Endoscopy 2015; 47(03): 245-250
DOI: 10.1055/s-0034-1391330
Original article
© Georg Thieme Verlag KG Stuttgart · New York

Determining the adenoma detection rate and adenomas per colonoscopy by photography alone: proof-of-concept study

Douglas K. Rex
Department of Medicine, Division of Gastroenterology and Hepatology, Indiana University School of Medicine, Indianapolis, Indiana, United States
,
Kyle Hardacker
Department of Medicine, Division of Gastroenterology and Hepatology, Indiana University School of Medicine, Indianapolis, Indiana, United States
,
Margaret MacPhail
Department of Medicine, Division of Gastroenterology and Hepatology, Indiana University School of Medicine, Indianapolis, Indiana, United States
,
Farrah Rahmani
Department of Medicine, Division of Gastroenterology and Hepatology, Indiana University School of Medicine, Indianapolis, Indiana, United States
,
Krishna C. Vemulapalli
Department of Medicine, Division of Gastroenterology and Hepatology, Indiana University School of Medicine, Indianapolis, Indiana, United States
,
Charles J. Kahi
Department of Medicine, Division of Gastroenterology and Hepatology, Indiana University School of Medicine, Indianapolis, Indiana, United States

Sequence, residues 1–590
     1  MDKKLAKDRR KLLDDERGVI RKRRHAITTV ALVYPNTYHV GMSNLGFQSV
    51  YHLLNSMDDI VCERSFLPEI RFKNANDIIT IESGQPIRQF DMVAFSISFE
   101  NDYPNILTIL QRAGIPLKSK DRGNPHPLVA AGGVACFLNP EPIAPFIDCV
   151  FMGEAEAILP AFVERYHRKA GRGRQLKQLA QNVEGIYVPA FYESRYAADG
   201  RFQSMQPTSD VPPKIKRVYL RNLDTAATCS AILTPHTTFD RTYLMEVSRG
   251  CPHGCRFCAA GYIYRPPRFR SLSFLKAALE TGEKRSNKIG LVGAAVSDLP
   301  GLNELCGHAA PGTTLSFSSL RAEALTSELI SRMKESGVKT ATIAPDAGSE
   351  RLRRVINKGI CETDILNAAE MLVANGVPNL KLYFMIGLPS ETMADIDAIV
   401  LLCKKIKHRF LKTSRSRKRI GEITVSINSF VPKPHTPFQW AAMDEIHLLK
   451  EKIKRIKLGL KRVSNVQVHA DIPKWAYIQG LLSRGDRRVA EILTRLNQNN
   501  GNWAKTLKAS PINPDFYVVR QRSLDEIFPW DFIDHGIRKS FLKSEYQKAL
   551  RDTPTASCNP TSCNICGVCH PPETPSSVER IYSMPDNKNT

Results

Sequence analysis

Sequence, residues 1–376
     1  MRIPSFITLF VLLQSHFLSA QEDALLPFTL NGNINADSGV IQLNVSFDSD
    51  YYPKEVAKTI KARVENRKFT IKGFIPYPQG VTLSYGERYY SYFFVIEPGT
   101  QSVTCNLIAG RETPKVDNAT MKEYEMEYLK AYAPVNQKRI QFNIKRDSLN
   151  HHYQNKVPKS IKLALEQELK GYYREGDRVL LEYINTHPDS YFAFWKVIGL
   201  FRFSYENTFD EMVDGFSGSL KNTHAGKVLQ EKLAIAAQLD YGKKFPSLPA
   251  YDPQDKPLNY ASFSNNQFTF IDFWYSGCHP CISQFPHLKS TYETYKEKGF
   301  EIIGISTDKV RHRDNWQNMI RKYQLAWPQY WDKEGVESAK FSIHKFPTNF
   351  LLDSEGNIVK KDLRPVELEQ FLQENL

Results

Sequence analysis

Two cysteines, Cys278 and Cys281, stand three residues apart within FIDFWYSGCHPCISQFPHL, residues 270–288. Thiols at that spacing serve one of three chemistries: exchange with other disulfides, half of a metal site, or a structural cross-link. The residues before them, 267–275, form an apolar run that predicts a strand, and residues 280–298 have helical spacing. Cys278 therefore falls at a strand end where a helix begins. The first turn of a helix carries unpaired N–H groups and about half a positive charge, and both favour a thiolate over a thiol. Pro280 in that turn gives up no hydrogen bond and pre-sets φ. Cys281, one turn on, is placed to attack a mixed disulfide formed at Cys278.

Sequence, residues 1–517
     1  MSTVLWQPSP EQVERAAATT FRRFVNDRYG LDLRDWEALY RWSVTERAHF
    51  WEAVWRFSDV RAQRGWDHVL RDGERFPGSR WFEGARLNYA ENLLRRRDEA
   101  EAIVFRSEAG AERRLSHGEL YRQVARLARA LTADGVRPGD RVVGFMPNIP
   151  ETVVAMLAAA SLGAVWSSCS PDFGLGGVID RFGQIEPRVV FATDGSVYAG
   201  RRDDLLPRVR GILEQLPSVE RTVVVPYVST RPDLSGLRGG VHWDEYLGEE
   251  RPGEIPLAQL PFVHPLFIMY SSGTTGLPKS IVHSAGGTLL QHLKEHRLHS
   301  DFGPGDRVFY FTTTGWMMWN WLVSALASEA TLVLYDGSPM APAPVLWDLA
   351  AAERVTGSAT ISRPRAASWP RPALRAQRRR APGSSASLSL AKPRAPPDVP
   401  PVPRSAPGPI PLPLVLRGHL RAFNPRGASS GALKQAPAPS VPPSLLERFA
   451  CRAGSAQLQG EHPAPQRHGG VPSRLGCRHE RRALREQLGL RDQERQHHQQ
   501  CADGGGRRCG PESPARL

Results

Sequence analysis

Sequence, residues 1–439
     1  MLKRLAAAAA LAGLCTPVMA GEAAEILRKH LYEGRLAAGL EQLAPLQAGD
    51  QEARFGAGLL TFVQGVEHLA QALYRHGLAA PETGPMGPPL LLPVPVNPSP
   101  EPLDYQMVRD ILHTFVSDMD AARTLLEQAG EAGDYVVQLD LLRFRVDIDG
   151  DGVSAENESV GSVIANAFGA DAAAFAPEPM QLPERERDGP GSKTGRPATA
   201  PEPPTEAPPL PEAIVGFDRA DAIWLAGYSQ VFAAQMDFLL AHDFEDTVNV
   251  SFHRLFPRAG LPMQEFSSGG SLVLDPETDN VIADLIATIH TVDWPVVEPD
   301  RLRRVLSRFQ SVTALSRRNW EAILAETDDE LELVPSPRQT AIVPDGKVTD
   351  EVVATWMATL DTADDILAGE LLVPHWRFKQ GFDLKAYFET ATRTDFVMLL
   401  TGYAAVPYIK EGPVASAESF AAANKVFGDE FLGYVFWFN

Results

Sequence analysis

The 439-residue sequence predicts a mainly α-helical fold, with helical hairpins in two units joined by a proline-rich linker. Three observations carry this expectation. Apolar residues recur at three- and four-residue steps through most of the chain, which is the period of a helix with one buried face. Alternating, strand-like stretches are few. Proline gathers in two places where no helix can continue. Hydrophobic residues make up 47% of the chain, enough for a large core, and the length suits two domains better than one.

› Author Affiliations
Further Information

Publication History

submitted 30 May 2014

accepted after revision 19 November 2014

Publication Date:
15 January 2015 (online)

Background and study aims: The adenoma detection rate (ADR) and adenomas detected per colonoscopy (APC) are measures of the quality of mucosal inspection during colonoscopy. In a resect and discard policy, pathologic assessment for calculation of ADR and APC would not be available. The aim of this study was to determine whether ADR and APC calculation based on photography alone is adequate compared with the pathology-based gold standard.

Patients and methods: A prospective, observational, proof-of-concept study was performed in an academic endoscopy unit. High definition photographs of consecutive polyps were taken, and pathology was estimated by the colonoscopist. Among 121 consecutive patients aged ≥ 50 years who underwent colonoscopy, 268 polyps were removed from 97 patients. Photographs of consecutive polyps were reviewed by a second endoscopist.

Results: The resect and discard policy applied to lesions that were ≤ 5 mm in size. When only photographs of lesions that were ultimately proven to be adenomas were included, the reviewer assessed ADR and APC to be lower than that determined by pathology (absolute reductions of 6.6 % and 0.17, and relative reductions of 12.6 % and 13.1 % in ADR and APC, respectively). When all photographs were included for calculation of ADR and APC, the reviewer determined the ADR to be 3.3 % lower (absolute reduction) and the APC to be the same as the rates determined by pathology.

Conclusions: In a simulated resect and discard strategy, a high-level detector can document adequate ADR and APC by photography alone.